By Tim Baffoe

By Tim Baffoe–

(CBS) “Nice guys finish last,” former Chicago Cubs manager Leo Durocher famously didn’t quite exactly say. Edwin Jackson is a really nice guy, and he now finds himself without a job.

The reflexive response for many Cubs fans when news broke Sunday that Jackson had been designated for assignment was something between relief and joy. The former was understandable — that Jackson’s days were numbered was quietly felt for a while. The latter had less humanity and a bit of a grave dance bitter taste to it.

But who weeps for Edwin Jackson? Who sings his ballad?

Not enough voices, that’s for sure. Because, you see, Jackson is an unsung hero.

It’s easy to think of Jackson getting tattooed most of the time he took the mound for the Cubs. It’s easy to be irrationally angry that he dare make the many millions of dollars that were offered to him in undeniably the worst move of the Theo Epstein/Jed Hoyer regime.

“Edwin is 29 years old, and he’s had six consecutive seasons making 30-plus starts,” Hoyer said when the Cubs signed him in 2013. “He’s proven his durability and proven his talent, but he’s also at an age where we think he can get even better and an age where he fits into what we’re trying to do age-wise and talent-wise with our roster. We felt this was a player who met both criteria. He can help us in 2013 and be a big part of the core of what we’re trying to build.”

Hoyer’s assessment of Jackson proved pretty true. Durable he was, to the point where it was like, “OK, dude, if you wanna sit a start out, that’s totally cool.” Finally at the end of 2014, the Cubs picked an injury out of a hat and placed him on the disabled list with a … let’s see … “OK, we’ll go with ‘strained lat muscle.’”

And help the team build is exactly what the well-traveled Jackson did. See, Kyle Schwarber is a Cub in part because of Edwin Jackson.

In 2013, Jackson led all of baseball in losses with 18. Had he been slightly less bad that year, the Cubs are picking behind the Minnesota Twins and perhaps the Seattle Mariners in the 2014 amateur draft. Let’s say Jackson makes it out of the third inning of his final start of that year against the St. Louis Cardinals, who had clinched the NL Central the day before. It could be that the pudgy sort-of-catcher Schwarber is hitting screaming line drives and awkwardly attempting to block non-Jacksonian pitches in the dirt as the heir apparent to Joe Mauer. Maybe Cub fans are screaming about Epstein and scouting director Jason McLeod drafting Alex Jackson instead.

Where are the back pats for Jackson? Where are the thank yous and the atta-boys? There are no glasses raised in song for Edwin Jackson.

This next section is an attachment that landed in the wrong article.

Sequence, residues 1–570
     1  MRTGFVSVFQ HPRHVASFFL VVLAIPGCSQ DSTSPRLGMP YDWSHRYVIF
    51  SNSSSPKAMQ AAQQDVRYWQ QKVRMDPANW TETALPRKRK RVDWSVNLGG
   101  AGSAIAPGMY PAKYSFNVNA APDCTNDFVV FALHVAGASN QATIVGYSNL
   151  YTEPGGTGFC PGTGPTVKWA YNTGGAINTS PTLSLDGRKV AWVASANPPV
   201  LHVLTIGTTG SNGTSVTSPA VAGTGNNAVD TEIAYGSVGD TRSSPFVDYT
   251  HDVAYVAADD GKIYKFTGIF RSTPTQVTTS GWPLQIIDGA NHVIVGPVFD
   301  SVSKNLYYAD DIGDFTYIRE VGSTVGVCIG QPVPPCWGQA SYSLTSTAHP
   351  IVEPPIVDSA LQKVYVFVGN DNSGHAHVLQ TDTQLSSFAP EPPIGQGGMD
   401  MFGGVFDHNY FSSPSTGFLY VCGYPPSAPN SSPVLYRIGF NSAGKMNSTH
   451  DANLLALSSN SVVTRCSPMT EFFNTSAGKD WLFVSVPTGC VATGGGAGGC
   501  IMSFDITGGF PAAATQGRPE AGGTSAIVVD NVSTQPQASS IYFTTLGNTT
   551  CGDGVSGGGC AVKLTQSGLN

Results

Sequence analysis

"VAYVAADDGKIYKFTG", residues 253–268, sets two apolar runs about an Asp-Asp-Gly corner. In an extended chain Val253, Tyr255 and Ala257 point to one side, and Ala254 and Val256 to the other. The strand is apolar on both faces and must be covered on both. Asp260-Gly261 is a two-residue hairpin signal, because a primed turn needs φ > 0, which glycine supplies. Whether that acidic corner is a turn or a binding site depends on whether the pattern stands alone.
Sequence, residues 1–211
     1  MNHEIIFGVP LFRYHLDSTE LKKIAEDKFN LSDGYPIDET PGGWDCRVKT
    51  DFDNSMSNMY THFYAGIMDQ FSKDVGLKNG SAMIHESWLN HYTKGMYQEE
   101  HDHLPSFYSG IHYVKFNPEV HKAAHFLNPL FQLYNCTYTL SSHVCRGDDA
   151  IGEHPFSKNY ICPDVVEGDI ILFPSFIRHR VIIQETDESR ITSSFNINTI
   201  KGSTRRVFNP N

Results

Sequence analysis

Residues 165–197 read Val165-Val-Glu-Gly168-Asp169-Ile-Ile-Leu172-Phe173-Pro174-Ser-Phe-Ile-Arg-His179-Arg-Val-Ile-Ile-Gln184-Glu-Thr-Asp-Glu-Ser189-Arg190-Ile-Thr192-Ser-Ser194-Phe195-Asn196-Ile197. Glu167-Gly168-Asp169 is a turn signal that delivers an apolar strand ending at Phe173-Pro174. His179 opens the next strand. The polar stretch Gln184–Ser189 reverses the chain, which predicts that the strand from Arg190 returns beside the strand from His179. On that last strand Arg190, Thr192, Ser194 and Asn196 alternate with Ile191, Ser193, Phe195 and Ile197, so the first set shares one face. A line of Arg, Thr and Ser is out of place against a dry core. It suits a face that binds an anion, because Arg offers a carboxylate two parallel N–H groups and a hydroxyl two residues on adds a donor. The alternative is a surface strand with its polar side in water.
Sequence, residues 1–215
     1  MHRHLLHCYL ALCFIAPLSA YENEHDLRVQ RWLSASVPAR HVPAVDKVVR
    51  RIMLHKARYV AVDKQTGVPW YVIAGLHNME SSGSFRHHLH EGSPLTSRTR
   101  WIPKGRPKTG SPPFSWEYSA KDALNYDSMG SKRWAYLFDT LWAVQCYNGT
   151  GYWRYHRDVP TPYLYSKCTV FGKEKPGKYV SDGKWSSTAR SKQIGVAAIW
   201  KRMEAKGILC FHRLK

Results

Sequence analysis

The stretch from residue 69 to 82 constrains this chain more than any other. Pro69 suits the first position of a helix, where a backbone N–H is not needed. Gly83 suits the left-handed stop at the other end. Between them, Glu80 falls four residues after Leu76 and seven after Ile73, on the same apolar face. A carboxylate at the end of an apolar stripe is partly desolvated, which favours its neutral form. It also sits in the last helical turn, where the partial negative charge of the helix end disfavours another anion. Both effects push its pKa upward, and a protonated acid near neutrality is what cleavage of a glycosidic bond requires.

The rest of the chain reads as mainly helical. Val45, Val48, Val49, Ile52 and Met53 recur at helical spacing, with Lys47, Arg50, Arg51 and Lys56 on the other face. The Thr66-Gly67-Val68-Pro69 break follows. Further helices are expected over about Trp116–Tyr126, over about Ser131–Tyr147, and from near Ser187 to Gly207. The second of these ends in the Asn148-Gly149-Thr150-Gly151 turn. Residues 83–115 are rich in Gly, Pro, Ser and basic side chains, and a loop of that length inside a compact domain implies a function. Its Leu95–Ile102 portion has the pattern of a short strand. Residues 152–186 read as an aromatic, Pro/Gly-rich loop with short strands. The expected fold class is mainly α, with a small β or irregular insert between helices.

In going a combined 14-33 with a 5.18 ERA in 2013 and 2014, he easily could have gone toxic during his time on the North Side. Replacing Alfonso Soriano as object of contractual hatred (and now being DFA’d to make room for another Soriano) brought on Jackson all the Cub fan venom. But he never spit it back. A consummate pro and even better guy, he worked his tail off and never shirked media responsibilities or got snippy with reporters.

Take that “lat injury.” It just so happened to come amid lots of talk (see: fans yelling) of Jackson being demoted from starter to bullpen — really the ultimate message that you stink. When asked about the potential move, Jackson responded:

“If it happens, it happens. I haven’t really gone out and made an easy decision for the organization or for the team. It’s one of those things where you just have to kind of take it in stride. Not going deep into games as a starter isn’t beneficial for the team, especially when you get paid to go deep into games. You have to deal with it as it comes. If it happens, it’s not the end of the world. You just have to continue to bust your butt and gain back what you feel you can do.”

The move to the bullpen did end up happening later and remained into this season. All the while, Jackson stayed prepared and actually pitched pretty well when called upon this year as fans waited for slip-ups in order to channel their angst toward their favorite piñata. He had a 3.19 ERA when the Cubs offically designated him Monday.

Jackson’s lack of negativity wasn’t limited to microphones, though. You can’t quantify clubhouse presence exactly, and Jackson’s probably isn’t millions of dollars worth, but his impact on the young Cubs and his good vibe contribution to the clubhouse is undeniable.

“He’s one of the best human beings I’ve ever been around,” Cubs starter Jake Arrieta said. “It’s hard to see him go.”

So to say Jackson didn’t contribute to what the Cubs are doing now and going forward is wrong. Sing the song of Edwin Jackson.

When Justin Grimm gives up a Jay Bruce home run that still hasn’t landed, sing. When Rafael Soriano’s decreased velocity creates further awkward appearances, sing. When Clayton Richard does whatever it is he does for the time being, sing.

When Schwarber goes 3-for-4 with four RBIs and a passed ball, sing, you ungrateful heathens, sing. When you realize the guy went out there time and again in a 2013 and 2014 that meant nothing — nothing — in and of themselves and took his beatings, sing with all your otherwise cold heart.

And when you see an empty chair on the dais at the Cubs championship rally someday, sing the song of Edwin Jackson.

Tim Baffoe is a columnist for CBSChicago.com. Follow Tim on Twitter @TimBaffoe. The views expressed on this page are those of the author, not CBS Local Chicago or our affiliated television and radio stations.

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